Fort Bend ISD officials say when they acquired the land in the Telfair section of Sugar Land, they never thought they’d be in charge of a cemetery.
But that’s exactly what happened, when 2 to 5 feet beneath the soil, human remains and artifacts from more than a century ago were discovered back in April.
On Wednesday, the careful process of exhuming the remains continued. So far, archeologists have exhumed 48 out of 95 remains. Out of the 48 sets of remains, 20 of those have been forensically analyzed.
Fort Bend ISD owns the property and says experts might be finished exhuming within the next few months. However, it could take up to a year for all of them to be forensically analyzed.
Experts say it can take up to 24 hours for each set of bones to be cleaned and examined.
The results of the analysis could give the world a clearer window back in time, according to Pat Mercado-Allinger, of the Texas Historical Commission.
“It gives us the opportunity to learn more about what has been told or under-told about the history of Sugar Land,” she said.
The Texas Historical Commission has worked closely with the school district since construction crews unearthed the first set of remains. The district is building a new career and technical center on the property.
Experts say the bones analyzed thus far, were from people as young as 14, to men as old as 70. They are believed to be African-American prison inmates forced to work on plantations, after slavery ended.
Those prison inmates included former slaves. Scientists say all appeared to have a muscular build, with some misshapen bones, indicating repetitive movements and hard labor.
The Texas Historical Commission wants the public to contact them if they think they might be descendants of those discovered at this unmarked cemetery.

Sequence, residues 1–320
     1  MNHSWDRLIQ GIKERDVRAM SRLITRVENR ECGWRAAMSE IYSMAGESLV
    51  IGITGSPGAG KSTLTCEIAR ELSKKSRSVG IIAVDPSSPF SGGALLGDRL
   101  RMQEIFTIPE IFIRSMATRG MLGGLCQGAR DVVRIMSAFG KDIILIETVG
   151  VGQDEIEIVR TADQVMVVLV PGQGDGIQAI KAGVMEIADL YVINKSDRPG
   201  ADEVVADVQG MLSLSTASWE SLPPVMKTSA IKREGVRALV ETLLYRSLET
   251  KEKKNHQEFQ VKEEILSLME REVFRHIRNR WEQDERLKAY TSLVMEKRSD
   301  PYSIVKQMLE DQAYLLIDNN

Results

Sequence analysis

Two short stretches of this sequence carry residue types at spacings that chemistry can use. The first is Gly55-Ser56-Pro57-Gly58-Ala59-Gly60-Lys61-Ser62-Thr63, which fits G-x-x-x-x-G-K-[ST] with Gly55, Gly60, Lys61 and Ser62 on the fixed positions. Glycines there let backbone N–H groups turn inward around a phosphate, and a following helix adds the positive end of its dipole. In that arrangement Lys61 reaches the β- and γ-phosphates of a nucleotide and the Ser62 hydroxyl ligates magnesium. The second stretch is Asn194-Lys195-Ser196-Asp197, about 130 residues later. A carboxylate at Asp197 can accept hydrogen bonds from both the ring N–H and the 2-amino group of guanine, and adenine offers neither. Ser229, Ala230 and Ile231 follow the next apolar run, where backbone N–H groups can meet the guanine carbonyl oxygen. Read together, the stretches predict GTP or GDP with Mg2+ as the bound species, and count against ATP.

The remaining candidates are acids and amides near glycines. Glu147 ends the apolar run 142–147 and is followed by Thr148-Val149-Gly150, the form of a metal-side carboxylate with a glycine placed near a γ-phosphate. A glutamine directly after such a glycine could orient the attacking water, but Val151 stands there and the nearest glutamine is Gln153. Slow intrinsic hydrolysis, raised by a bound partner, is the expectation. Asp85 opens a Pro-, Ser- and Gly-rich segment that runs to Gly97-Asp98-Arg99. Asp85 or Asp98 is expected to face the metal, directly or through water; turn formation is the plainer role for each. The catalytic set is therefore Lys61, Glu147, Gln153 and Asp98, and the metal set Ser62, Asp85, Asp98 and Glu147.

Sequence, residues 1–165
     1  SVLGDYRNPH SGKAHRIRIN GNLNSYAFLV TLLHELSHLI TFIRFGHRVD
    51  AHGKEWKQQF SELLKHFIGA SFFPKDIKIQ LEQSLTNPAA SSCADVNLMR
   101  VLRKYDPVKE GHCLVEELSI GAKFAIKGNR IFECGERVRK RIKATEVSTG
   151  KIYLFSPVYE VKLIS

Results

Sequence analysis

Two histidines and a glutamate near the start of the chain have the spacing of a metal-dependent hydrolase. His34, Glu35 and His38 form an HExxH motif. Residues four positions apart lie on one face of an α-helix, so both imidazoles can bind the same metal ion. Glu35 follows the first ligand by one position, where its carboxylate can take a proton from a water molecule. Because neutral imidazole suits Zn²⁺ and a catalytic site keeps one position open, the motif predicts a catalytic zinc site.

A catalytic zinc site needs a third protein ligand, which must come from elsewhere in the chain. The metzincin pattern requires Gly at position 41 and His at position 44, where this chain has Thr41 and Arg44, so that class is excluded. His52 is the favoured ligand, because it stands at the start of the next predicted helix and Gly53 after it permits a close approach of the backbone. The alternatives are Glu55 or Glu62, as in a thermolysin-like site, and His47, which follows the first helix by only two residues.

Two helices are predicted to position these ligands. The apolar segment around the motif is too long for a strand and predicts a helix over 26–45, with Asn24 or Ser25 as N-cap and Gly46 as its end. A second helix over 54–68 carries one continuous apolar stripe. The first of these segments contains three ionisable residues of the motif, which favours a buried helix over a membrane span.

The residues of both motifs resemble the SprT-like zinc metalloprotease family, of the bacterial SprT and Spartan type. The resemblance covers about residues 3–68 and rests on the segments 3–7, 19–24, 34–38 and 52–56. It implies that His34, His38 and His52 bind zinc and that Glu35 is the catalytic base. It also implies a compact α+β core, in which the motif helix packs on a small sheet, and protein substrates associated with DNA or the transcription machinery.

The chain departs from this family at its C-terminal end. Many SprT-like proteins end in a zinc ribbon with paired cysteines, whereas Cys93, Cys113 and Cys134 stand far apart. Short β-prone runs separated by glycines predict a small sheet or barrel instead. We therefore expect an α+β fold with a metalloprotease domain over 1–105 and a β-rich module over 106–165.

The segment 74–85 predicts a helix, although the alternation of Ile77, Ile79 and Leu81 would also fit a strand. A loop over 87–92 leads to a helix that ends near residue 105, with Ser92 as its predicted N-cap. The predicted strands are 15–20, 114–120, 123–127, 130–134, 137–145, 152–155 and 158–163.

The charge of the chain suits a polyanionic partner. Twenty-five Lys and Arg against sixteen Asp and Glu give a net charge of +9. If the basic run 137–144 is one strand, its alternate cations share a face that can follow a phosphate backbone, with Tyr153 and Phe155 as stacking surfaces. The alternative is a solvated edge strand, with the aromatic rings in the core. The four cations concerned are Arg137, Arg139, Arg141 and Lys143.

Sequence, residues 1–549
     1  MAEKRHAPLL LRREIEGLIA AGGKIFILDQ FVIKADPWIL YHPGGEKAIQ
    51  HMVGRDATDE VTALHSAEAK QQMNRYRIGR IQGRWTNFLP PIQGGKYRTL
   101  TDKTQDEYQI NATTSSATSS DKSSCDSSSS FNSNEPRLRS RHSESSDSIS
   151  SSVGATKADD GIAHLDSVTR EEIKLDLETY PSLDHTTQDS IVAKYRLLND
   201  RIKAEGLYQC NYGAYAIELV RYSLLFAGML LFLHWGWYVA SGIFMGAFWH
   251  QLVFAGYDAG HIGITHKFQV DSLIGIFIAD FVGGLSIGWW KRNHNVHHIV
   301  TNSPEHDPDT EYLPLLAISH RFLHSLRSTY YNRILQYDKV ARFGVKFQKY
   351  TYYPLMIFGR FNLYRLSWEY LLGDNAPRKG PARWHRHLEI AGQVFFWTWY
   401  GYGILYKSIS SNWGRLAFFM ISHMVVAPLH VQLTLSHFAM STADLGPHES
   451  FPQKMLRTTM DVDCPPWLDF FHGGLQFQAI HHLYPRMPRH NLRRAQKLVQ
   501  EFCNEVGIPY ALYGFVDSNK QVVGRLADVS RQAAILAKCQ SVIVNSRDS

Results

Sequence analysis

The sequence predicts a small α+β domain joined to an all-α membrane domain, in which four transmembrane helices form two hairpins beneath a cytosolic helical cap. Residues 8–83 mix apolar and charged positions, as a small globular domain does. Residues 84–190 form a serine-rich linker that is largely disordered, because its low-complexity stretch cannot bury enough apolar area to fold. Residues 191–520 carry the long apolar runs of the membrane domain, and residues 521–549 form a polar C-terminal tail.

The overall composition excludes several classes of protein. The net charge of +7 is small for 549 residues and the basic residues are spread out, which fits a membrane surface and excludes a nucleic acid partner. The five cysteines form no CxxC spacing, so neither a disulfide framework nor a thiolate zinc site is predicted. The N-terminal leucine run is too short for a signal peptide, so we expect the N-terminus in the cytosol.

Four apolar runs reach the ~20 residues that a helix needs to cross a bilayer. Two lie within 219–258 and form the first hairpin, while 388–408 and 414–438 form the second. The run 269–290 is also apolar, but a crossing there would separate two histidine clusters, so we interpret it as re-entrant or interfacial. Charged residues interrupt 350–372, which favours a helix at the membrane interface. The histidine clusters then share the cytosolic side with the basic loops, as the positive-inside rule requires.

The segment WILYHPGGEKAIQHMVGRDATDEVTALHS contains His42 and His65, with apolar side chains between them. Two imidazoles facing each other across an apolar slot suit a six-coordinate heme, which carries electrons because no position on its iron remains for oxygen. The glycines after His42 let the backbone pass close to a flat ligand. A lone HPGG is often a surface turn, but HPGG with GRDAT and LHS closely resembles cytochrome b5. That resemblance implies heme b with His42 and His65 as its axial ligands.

“If they have any information about the history of the area, they think they have a connection to some of the people who have been buried here, to come forward, to be part of the discussions,” Mercado-Allinger said.
It’s possible that those discussions might lead to DNA testing of the bones for identification, down the line.
Fort Bend ISD officials say it’s expensive to do DNA testing on century-old remains, because it’s a delicate process, but it’s something that the district and Commission might be open to.
Local activist and historian Reginald Moore says he wants those found in the shallow graves at the site, to have a proper resting place at the Old Imperial Farm Prison Cemetery, about half a mile from the site.
Moore over-sees the cemetery and KHOU 11 has learned the district has already had conversations with the City of Sugar Land about the re-burial, there.
“Hopefully, we can move forward with internment,” said Moore. He added that his annual Labor Day memorial service at the Old Imperial Prison Farm Cemetery, will honor the 95 people who died at the site of the former plantation.